[ Edited: 12 October 2013 01:47 AM by WuCares ]
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Posted: 13 October 2013 05:45 PM   [ Ignore ]   [ # 32 ]
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I doubt that any child before the onset of puberty truly understands what sexual attraction actually means. And plenty who have reached puberty or even adulthood don’t know. Nobody has anything to compare his or her feelings to. It is a completely unknown phenomenon.  I’m heterosexual and as a girl I was attracted to boys in a way that was different than anything I felt for girls.  I liked girls and I liked boys,  for completely different reasons, which I was unaware of.  I had no real understanding of what sexual attraction actually was until I was maybe 12 or 13. Even then it wasn’t clear. Many adults say they can point to a time when they realized—from an adult perspective—that they were having special feelings either for the same or opposite sex. But it could not have been clear to the child at the time, who has no frame of reference. He knows he feels special ferlings for some people and not others.  That’s probably as far as it goes in his undeveloped mind and body. I doubt there is a child under 12 who can say, unequivocally that he is gay or straight.  There are probably many adolescents and adults who can’t say that. It’s a difficult process to go through and to understand and it takes maturity to work through it.  Adults can look back on their childhoods and pinpoint certain ideas from an adult perspective they could never have pinpointed or understood as a child. This goes for people who are anywhere on the sexual orientation continuum. It’s easy for someone to say once they have matured and decided what their orientation is that they knew all along whether they were gay or straight. I doubt that. It is obvious only in retrospect.

[ Edited: 21 October 2013 02:53 AM by Lois ]
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Posted: 20 October 2013 07:05 PM   [ Ignore ]   [ # 33 ]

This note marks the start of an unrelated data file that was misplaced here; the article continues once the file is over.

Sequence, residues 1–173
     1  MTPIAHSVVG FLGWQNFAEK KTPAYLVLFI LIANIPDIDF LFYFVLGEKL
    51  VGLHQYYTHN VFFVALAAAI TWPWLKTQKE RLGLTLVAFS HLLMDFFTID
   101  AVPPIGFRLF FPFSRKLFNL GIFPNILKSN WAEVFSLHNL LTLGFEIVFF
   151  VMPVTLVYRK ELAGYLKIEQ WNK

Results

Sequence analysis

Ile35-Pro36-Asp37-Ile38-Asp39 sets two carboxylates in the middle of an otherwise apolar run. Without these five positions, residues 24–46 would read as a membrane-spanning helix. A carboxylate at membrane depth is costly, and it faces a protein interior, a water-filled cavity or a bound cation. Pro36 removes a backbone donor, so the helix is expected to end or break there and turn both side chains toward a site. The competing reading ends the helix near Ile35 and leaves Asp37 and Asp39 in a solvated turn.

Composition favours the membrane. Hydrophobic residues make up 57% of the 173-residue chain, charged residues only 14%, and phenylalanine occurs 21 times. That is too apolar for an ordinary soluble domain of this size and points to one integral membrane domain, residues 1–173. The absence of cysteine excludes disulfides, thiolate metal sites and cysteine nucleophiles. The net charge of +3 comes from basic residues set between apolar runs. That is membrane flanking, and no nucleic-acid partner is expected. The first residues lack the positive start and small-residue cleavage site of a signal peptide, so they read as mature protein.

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Although this will not answer the original question, one other consideration in our society is bullying. Some youth, even as young as 7, can be bullied and called “gay” or even derogatory terms by their peers based on stereotypes, whether those bullies fully understand the meaning of the term “gay” or not. While that is not a determining factor in ones orientation, of course, I think it should be considered as youth are continually labeled or called names by their peers, and may perhaps accept those labels. As a gay person myself, I’ve noticed some of the most fervent speakers about homosexuality are in fact heterosexual persons. I was called “gay” when I was younger by peers long before I “accepted” myself or fully understand what it meant. Again, some of the most ardent users of these labels, even at surprisingly young ages, seemed to be peers. The word “gay” is spouted off in all sorts of nonsensical manners…“You’re gay.” “This is so gay” “My homework is so gay.” With youth usage of the term, the only true way to know what a child who says, “I am gay” actually is thinking is ask, “And what does gay mean to you?” And then just listen to the child’s explanation. But I stand by my original claims that no one can assert what a child means, especially without speaking with the child, as I think it remiss to apply a blanket answer to a question such as, “can a (insert age) know his or her orientation?” There are going to be anecdotes for both sides, as evidenced from the previous replies. I don’t think we can say what a person knows or doesn’t know without official and unbiased research in this particular area…we can’t say, “well, I certainly didn’t know at that age, so no way any other child could have comprehended it either.”

[ Edited: 20 October 2013 07:10 PM by FinallyDecided ]
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Posted: 21 October 2013 12:01 AM   [ Ignore ]   [ # 34 ]
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FinallyDecided - 20 October 2013 07:05 PM

But I stand by my original claims that no one can assert what a child means, especially without speaking with the child, as I think it remiss to apply a blanket answer to a question such as, “can a (insert age) know his or her orientation?”

I don’t see how there could be a single age. Sort like determining the age of puberty. The ‘normal’ range is quite wide and there are a lot of confounding circumstances. I don’t see how it could be otherwise for sexuality and sexual awareness.